“Gram—there’s an emergency!!" I called as I marched into her living room with blood all over my hands. "I need Band-Aids, quick!” Relieved to find the blood was not my own, she gave me the entire tin of bandages and shuddered as I left the house. My Gram hated snakes.
Out in the yard, I yanked handfuls of grass from the lawn and used it to line a small cardboard box. Then I set to my grim task; carefully poking the snake’s innards back inside where they belonged, swaddling it in layers of bandages. I knew I was done when I ran out of Band-Aids. I tenderly placed the half-dead snake in the grass-lined recovery box and went in the house for a cold drink. I had done all that could be done. All that was left now was to wait.
When I returned a short time later, horror of horrors, my patient was MISSING! Where had that poor, broken animal gone? How had it managed to drag its vinyl-covered body over the edge of the box? I combed the whole yard on my hands and knees and never did find it. My confidence as a professional was shaken.
I decided what I really needed was my own clinic. Imagine my delight when, one day on a routine tour of the back alleys of the local businesses, I was lucky enough to discover a large cardboard box that had once held a refrigerator. I decided THIS would make a perfect clinic. I dragged it back to my Gram’s and set to work with a serrated knife, cutting windows with working shutters, and stating my intentions in indelible ink: The Doctor is IN.
I felt it was time for me to specialize and so I began with what I did best: removing wood ticks from dogs. Gram had replenished her supply of Band-Aids, (thankfully) and I supplied my cardboard clinic with the new, unopened can, some Q-Tips, and a bottle of rubbing alcohol. My first patient of the day was our own miniature schnauzer, Fritz. He submitted willingly enough to an all-over body search for parasites. Whenever I found a fat tick, I’d pull it off—taking care to remove the head, and then clean the site with alcohol. Next!
Dogs in those days roamed freely about town, unhampered by a leash law that was never enforced. I managed to coax a few of the friendlier mongrels into my clinic for a free exam. The sun was high in the sky and business was beginning to wane when along came Mike Nelson, a Shepherd/Boxer mix, from across town. I lured him into my box clinic but he seemed to find the close quarters a bit claustrophobic. The first tick I pulled off made him back into the wall, tipping the clinic on end and causing me to spill rubbing alcohol all over both of us. Maybe a clinic was a bit ambitious after all…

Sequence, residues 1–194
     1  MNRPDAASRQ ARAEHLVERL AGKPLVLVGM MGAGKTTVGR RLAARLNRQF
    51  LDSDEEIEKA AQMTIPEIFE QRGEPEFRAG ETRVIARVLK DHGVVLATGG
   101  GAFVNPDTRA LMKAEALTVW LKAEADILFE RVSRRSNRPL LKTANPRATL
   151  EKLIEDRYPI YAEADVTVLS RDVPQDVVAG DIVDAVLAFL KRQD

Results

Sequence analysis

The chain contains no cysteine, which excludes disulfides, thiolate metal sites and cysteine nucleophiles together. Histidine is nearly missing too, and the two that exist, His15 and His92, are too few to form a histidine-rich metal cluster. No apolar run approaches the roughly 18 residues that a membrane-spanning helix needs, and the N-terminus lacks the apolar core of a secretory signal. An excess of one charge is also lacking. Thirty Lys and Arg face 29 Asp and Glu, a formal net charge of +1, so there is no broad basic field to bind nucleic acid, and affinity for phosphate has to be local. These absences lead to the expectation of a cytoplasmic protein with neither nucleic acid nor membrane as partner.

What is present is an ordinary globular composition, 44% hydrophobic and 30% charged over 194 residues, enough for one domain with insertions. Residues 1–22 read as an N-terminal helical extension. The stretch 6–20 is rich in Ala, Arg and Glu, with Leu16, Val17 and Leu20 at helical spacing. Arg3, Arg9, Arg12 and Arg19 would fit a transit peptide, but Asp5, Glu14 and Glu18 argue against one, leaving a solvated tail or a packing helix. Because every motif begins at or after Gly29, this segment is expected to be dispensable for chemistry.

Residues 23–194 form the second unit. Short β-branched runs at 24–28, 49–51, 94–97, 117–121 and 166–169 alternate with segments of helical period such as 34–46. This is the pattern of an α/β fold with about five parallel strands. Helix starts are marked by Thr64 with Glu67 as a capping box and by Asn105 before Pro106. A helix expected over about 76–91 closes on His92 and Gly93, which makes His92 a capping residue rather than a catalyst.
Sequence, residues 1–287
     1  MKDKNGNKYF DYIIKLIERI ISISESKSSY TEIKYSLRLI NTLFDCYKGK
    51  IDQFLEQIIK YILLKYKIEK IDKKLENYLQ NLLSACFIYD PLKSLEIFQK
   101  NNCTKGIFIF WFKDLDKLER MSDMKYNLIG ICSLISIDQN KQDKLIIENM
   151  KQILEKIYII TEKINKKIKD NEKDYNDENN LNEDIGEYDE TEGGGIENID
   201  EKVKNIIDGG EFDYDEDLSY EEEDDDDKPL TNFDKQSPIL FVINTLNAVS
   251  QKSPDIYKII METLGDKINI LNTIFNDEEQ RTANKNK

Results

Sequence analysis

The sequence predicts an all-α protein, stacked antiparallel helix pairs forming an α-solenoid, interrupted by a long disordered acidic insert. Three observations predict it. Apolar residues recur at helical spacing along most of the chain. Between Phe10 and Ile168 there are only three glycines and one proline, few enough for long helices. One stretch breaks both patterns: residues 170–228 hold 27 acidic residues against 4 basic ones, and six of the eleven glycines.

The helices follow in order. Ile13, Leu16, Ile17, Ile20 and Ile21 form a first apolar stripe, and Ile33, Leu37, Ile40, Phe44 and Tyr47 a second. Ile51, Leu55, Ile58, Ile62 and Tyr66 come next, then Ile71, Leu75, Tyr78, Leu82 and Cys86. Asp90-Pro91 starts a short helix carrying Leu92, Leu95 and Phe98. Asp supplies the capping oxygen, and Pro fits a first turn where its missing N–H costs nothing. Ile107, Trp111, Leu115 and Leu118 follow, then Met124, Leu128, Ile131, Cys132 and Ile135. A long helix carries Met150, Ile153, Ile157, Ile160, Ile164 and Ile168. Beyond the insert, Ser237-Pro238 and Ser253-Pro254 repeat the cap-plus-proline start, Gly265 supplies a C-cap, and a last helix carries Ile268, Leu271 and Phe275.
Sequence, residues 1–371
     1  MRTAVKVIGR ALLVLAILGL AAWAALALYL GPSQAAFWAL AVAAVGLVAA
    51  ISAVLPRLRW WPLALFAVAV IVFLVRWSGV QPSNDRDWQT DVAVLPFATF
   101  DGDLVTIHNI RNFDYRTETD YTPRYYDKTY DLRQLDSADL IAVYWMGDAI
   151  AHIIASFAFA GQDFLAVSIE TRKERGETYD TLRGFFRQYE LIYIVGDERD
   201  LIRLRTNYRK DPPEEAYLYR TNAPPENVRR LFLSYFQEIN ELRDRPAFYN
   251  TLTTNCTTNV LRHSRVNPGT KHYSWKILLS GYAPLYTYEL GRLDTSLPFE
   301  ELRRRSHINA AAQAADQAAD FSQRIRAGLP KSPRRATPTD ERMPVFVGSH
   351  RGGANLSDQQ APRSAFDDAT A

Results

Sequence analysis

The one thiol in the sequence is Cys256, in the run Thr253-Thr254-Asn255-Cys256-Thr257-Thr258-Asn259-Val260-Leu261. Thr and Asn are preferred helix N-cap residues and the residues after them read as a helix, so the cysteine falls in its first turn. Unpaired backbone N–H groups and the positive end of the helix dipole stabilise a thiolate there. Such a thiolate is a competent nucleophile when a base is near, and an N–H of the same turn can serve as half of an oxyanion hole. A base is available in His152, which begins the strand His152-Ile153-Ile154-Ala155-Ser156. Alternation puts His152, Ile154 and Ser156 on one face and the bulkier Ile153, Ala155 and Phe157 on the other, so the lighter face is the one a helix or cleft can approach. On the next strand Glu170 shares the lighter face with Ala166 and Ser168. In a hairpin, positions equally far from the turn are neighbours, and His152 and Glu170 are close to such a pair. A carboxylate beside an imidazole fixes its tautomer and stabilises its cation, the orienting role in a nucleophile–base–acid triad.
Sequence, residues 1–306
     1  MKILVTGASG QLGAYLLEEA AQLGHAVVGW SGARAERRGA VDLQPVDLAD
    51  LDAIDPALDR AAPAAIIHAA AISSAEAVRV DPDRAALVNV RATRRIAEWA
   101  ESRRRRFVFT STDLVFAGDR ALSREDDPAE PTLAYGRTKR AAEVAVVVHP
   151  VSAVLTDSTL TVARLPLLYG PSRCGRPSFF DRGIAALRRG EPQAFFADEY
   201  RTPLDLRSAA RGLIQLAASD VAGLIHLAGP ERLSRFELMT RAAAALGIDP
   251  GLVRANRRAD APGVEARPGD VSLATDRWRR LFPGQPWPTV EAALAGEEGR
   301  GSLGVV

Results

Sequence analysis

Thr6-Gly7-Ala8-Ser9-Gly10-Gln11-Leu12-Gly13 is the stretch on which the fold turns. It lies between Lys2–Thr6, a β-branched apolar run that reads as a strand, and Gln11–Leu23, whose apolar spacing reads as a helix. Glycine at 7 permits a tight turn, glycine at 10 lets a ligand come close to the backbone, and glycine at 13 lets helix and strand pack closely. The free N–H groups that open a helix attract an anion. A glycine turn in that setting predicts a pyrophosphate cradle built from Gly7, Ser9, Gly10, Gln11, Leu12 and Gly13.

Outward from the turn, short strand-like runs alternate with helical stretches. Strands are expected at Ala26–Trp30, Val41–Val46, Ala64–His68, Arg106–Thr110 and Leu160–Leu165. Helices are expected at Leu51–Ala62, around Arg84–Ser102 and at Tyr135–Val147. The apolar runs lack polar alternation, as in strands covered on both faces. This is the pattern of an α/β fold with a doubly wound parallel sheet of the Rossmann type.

One summer evening, just as the sun was setting, I was outside in the yard enjoying a cozy moment with my dad. I was perched on top of our redwood picnic table, which Dad had covered with newspaper, ready to assist with the cleaning of a stringer of sunfish--a procedure that seemed an awful lot like surgery to me. Dad took the first sunny from the pail and laid it flat on the newspaper, securing it with his free hand. I leaned in as he made an incision just above the tail and just below the gills, preparing to fillet the fish. I watched the fish struggle briefly, then stare blankly ahead, working its mouth, desperately trying to breath air.
“Um…Dad? Aren’t you hurting the fish?” I broached.
“Nope. Fish don’t have feelings,” he answered, matter-of-factly, trying to finish his job before dark.
I looked at Dad’s face to see if he was telling the truth. I smacked a mosquito on the back of my neck. Dad kept working. I looked back at the fish. It didn’t look at me. I wished that fish could close their eyes.
Dad removed the skin from each fillet and put them into a pan of cold water to soak, piling the fish heads and guts to one side of his work space. When he was finished, he went around to the side of the house to wash his hands with the garden hose. I drew a thinly encased sack of organs toward me with one tentative finger for closer inspection. I craned my neck to see where Dad was and then deftly took the fillet knife and sliced open the organ sack. A tiny red object smaller than a pea fell into view onto the bloodied paper. It was moving. I leaned closer. It was a beating heart. I dropped the knife, nauseated, and ran into the house. I had nightmares for a week.
Maybe I was not cut out for a life of medicine? Maybe I would buy a horse and become a jockey instead?